This morning, I read this wonderful interview with Sandra Beasley about writing residencies. In my younger years it would have filled me with yearning to find a residency to call my own. Now that I am older, I am grateful to be able to find an afternoon when I can leave an hour earlier than usual, which is my scheduled going-home time. I'm still not sure what my new professional life will look like when our accreditation visit is over, but right now, I can't imagine finding time off for the kinds of residencies Beasley describes.
But still, a girl can dream! And that brings me to the real topic of this post: the way that I once yearned and hoped, and the way I need to remember to do that again.
Let's go back twenty years. I had started writing poetry again in 1995, and by 1997, I felt I had some good material. I started sending packets of poetry to various journals, the way I had been doing before grad school sapped me of time, money, and courage. I felt like I was returning to my true writer self, and I was so happy to find her again.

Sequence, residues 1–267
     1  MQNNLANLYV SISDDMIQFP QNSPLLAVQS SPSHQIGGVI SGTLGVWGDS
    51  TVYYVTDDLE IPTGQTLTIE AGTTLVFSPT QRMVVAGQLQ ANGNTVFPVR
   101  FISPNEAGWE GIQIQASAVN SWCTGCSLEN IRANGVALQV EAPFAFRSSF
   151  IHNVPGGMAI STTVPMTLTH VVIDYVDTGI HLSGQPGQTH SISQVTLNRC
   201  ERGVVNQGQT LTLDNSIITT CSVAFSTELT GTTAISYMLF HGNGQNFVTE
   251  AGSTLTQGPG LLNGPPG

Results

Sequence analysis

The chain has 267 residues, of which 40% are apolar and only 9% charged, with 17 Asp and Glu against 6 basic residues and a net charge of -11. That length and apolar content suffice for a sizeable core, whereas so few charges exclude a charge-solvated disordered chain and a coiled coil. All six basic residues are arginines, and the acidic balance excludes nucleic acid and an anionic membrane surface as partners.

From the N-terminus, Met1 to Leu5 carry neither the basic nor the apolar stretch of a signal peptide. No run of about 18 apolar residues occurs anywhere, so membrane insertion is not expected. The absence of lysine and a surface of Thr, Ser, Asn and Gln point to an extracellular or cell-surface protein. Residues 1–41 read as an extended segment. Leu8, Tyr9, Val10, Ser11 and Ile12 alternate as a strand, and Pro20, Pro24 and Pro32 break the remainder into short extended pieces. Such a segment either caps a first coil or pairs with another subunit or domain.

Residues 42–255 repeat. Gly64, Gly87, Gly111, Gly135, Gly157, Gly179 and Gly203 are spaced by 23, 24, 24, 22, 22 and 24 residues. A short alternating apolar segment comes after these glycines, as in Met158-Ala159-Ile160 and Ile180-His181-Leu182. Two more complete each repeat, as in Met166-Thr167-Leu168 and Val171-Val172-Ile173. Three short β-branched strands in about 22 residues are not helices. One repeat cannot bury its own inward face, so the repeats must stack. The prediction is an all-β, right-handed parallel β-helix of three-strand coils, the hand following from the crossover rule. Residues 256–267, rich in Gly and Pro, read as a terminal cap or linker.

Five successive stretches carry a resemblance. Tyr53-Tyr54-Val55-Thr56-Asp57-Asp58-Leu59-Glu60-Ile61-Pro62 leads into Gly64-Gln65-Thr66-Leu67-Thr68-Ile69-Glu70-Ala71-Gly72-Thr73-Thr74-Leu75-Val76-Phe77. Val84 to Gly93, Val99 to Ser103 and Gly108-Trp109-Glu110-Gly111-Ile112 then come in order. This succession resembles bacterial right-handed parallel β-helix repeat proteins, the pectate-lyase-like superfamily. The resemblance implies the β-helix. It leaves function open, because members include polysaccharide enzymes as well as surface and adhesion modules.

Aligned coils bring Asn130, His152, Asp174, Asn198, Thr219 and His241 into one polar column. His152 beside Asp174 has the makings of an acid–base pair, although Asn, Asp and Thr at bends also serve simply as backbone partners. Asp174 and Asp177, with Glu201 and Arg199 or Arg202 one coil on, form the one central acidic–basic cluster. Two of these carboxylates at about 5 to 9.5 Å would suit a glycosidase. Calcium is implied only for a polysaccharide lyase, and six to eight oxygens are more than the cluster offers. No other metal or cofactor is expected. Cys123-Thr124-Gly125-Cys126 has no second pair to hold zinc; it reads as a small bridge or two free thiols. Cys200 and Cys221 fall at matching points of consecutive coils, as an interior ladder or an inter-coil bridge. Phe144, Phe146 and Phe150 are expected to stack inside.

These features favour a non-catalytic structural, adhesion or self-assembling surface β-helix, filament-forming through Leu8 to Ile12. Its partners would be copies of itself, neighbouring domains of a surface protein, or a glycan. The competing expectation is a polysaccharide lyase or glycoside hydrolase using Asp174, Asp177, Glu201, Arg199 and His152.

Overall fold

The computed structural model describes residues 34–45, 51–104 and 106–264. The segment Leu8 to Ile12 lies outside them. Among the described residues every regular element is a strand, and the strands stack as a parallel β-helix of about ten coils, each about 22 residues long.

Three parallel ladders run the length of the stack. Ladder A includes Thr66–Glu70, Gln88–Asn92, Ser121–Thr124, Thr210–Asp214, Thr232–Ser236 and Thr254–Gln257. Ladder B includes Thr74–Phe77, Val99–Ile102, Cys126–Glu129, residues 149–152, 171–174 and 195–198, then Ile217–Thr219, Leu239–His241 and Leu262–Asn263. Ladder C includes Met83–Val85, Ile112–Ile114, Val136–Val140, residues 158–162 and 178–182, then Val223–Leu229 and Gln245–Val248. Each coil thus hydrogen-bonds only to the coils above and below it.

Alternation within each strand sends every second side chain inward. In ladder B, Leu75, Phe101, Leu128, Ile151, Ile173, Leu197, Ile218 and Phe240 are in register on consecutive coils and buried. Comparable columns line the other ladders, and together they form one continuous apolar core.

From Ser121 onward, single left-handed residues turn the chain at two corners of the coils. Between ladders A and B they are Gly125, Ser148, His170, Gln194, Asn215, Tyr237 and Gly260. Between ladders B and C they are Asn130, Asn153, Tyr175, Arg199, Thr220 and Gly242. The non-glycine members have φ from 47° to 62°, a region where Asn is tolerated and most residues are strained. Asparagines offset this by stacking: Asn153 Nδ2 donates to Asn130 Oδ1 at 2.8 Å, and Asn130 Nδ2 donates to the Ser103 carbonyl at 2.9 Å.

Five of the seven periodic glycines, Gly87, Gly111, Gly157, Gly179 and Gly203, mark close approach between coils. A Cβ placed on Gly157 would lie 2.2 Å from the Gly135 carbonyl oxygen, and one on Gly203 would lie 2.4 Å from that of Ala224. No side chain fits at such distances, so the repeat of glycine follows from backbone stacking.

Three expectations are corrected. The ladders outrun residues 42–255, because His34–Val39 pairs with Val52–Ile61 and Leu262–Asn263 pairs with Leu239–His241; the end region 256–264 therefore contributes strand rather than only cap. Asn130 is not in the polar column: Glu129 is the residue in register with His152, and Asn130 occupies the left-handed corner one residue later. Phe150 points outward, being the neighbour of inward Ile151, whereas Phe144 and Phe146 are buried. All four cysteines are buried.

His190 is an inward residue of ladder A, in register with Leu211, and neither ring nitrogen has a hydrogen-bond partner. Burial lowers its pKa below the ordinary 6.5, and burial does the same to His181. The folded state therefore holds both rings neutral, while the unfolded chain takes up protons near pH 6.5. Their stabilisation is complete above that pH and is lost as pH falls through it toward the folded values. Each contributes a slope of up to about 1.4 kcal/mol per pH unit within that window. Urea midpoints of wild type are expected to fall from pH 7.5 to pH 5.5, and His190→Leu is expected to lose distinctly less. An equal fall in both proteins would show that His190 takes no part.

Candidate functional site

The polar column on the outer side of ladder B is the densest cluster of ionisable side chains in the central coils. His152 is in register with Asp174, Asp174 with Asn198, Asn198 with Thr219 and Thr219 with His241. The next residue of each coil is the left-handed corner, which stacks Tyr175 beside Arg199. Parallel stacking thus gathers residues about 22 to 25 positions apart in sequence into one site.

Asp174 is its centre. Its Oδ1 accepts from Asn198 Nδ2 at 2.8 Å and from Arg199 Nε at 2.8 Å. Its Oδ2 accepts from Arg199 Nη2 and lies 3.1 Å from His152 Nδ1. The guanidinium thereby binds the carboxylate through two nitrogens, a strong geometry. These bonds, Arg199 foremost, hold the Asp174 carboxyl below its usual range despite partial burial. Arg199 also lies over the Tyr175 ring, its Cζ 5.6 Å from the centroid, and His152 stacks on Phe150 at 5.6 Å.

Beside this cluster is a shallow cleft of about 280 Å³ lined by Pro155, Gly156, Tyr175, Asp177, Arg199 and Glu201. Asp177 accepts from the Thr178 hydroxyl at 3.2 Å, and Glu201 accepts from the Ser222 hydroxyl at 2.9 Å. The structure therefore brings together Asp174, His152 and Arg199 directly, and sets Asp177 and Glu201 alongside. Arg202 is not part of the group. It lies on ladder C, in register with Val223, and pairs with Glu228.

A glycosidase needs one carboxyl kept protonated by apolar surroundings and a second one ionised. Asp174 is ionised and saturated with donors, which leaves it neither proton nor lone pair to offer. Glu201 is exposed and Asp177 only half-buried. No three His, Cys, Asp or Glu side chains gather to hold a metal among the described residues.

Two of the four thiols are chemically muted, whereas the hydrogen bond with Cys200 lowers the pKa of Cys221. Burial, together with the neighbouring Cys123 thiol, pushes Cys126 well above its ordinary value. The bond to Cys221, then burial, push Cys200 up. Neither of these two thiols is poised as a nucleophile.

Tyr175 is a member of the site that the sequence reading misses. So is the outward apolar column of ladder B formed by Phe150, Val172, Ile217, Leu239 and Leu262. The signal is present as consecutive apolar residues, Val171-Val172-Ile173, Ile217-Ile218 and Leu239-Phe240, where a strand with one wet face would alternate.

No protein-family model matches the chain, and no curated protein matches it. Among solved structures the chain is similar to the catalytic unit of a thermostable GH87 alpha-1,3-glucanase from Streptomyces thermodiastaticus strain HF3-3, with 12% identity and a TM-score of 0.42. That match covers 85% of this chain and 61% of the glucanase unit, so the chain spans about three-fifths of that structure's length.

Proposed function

But at the same time, I had a larger vision: a book at some point, maybe a job that contained more teaching of creative writing than composition. Back in those days, I would spin scenarios in my head to help me fall asleep (unlike today, when I can barely stay awake long enough to get my head to the pillow). That year, I started visualizing myself at a future book reading, being invited to be the poet in residence at a school, holding the first book in my hand. They were pleasant thoughts with which to fill my head, but as I look back, I see larger forces at work.
In those years, I sent out more submission packets than I have in years since--and subsequently, I got more acceptances, including my first chapbook. Perhaps it's time to return to that question of what I'd like to see myself accomplishing in terms of my writing, and rehearsing it in my head.
But first, I think I'll visualize celebrating once the upcoming accreditation visit is done. A month from today, our visit will be drawing to a close. Let me imagine this scenario: it won't be a perfect visit, where the accrediting team says, "You're perfect. Keep doing what you're doing." Accreditation visits never end that way.
But let me visualize that the findings are minor, leaving us to work on issues that we have already targeted as ones we want to fix. Let me visualize that last meeting, handshakes all around, smiles upon a successful visit.